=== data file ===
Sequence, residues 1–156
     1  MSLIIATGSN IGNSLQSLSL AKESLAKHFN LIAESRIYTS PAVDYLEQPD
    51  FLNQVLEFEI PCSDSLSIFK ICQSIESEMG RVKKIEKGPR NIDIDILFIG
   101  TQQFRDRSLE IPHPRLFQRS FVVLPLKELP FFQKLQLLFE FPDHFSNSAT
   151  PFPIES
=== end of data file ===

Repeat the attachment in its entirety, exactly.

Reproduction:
Sequence, residues 1–156
     1  MSLIIATGSN IGNSLQSLSL AKESLAKHFN LIAESRIYTS PAVDYLEQPD
    51  FLNQVLEFEI PCSDSLSIFK ICQSIESEMG RVKKIEKGPR NIDIDILFIG
   101  TQQFRDRSLE IPHPRLFQRS FVVLPLKELP FFQKLQLLFE FPDHFSNSAT
   151  PFPIES